Representing three-quarters of the membership, including nearly 90 developing countries, 125 members used the plurilateral negotiating instrument to finalise the Investment Facilitation for Development (IFD) Agreement to eliminate bureaucratic barriers to domestic and foreign direct investment. This could save participating countries up to one billion dollars a year in aggregate costs and make them more attractive investment destinations.

While work will continue in Geneva to insert the agreement into the WTO's multilateral legal framework, there is no doubt that the IFD Agreement demonstrates that the WTO has innovative negotiating tools to find common ground on topical issues. The bottom line is that concerted collective effort is required to deliver WTO agreements and create an organisation capable of tackling this century's problems. Failure to achieve these aims can no longer be blamed solely on the United States – or any one country, for that matter – for lack of leadership or loss of interest.

Yes, the US partially hobbled the WTO's dispute-settlement system by blocking new appointments to its Appellate Body. However, the US and other countries had some valid criticisms of the system. In response, WTO members have started work on the reforms, expecting to complete the work by the end of the year.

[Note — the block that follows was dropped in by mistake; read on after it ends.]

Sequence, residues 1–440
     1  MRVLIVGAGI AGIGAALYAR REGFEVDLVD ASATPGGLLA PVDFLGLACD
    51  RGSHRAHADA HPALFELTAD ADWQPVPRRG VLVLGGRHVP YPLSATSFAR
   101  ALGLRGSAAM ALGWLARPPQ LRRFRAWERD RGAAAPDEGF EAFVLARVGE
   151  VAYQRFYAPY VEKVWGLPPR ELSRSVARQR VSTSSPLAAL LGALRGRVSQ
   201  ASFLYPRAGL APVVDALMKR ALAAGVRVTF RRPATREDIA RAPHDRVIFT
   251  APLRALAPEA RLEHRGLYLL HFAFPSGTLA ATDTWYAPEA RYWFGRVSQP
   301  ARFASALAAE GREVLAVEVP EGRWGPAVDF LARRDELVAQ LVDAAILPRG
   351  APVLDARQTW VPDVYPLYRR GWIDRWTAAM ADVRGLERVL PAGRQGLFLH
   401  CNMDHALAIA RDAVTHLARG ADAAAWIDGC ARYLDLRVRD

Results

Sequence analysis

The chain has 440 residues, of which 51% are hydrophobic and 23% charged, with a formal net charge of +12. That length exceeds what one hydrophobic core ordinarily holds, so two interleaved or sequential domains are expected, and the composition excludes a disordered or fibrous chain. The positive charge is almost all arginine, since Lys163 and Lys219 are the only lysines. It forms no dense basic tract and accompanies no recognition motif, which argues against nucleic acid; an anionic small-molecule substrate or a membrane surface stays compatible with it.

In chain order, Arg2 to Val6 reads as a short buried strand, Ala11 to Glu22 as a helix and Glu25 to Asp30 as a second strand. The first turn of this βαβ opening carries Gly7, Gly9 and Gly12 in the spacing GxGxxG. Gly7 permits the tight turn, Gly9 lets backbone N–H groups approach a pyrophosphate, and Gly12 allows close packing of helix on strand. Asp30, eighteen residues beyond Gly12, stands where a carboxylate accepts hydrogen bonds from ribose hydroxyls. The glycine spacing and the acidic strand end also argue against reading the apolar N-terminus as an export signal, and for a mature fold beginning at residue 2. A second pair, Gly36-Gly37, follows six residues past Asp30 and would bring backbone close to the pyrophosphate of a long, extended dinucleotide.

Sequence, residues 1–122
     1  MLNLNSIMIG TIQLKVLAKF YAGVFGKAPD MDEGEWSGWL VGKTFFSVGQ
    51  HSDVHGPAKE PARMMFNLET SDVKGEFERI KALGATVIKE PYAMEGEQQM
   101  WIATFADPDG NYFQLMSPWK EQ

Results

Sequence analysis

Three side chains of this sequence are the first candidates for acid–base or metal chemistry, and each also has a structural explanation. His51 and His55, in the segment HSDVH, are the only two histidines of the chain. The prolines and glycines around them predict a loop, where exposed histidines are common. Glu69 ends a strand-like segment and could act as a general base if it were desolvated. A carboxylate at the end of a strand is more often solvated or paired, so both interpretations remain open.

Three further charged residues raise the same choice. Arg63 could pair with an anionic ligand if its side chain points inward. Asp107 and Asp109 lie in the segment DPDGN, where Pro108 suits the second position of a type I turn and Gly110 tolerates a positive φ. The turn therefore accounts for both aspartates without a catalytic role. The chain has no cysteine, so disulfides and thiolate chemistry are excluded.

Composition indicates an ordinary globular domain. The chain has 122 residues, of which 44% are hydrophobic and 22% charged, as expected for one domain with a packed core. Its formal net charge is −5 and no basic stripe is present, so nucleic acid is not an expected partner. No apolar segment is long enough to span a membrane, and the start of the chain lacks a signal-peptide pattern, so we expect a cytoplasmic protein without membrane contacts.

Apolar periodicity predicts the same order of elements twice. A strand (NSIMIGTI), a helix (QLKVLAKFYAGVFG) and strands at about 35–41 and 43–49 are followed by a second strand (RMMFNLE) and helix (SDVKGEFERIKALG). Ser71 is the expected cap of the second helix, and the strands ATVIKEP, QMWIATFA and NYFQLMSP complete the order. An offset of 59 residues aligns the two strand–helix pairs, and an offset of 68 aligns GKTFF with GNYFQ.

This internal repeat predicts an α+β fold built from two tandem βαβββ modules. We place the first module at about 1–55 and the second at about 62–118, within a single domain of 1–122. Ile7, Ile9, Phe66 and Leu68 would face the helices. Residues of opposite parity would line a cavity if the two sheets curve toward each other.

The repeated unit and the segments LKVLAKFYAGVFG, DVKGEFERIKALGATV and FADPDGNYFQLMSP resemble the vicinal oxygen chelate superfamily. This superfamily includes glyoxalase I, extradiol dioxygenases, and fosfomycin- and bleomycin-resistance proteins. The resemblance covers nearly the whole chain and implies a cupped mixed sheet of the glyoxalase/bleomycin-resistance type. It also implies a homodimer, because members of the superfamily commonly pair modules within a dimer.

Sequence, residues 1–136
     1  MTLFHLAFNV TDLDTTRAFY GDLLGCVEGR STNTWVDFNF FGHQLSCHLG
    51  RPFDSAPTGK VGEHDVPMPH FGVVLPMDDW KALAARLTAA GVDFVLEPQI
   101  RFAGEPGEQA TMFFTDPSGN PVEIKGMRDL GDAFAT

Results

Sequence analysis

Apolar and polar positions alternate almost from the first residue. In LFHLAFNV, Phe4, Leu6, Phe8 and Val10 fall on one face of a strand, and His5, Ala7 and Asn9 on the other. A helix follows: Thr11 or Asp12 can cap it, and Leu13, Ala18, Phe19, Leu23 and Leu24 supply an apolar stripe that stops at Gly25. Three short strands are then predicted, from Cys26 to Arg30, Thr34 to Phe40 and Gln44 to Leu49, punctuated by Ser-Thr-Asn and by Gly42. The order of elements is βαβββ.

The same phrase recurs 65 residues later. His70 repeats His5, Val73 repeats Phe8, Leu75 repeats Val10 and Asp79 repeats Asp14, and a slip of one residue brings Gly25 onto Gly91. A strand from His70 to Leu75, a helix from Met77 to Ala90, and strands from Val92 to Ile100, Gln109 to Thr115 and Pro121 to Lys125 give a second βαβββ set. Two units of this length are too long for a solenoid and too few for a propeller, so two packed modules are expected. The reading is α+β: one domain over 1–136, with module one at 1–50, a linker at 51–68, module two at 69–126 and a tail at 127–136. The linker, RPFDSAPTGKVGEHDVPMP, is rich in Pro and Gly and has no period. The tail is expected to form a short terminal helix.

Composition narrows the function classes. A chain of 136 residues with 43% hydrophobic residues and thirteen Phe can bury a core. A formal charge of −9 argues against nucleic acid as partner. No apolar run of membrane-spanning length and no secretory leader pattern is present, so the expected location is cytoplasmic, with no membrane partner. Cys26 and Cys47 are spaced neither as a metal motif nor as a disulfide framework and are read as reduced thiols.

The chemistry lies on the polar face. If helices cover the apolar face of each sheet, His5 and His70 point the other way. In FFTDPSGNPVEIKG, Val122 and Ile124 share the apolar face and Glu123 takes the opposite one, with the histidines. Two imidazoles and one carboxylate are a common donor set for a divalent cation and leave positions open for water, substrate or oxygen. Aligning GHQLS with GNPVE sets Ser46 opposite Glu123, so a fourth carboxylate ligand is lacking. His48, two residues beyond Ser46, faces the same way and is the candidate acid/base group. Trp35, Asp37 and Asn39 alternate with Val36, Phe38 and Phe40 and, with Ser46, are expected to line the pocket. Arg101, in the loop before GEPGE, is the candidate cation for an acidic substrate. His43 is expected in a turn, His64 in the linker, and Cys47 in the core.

The dynamics at the WTO have changed. While US leadership is still essential, meaningful reform will require other members, including emerging markets and developing countries, to take the lead and help steer the organisation – over which they exert real influence, as was obvious in Abu Dhabi. It will also be crucial to work with developing countries to ensure that any proposed reforms provide the conditions they need to grow and prosper.

The WTO has adopted a forward-looking agenda to support digital and green trade, promote services, foster inclusion, and create a level of global playing field. Working together to achieve these goals will benefit WTO members and the entire world.

PUBLISHED ON Mar 30,2024 [ VOL 24 , NO 1248]

director-general of the World Trade Organisation (WTO)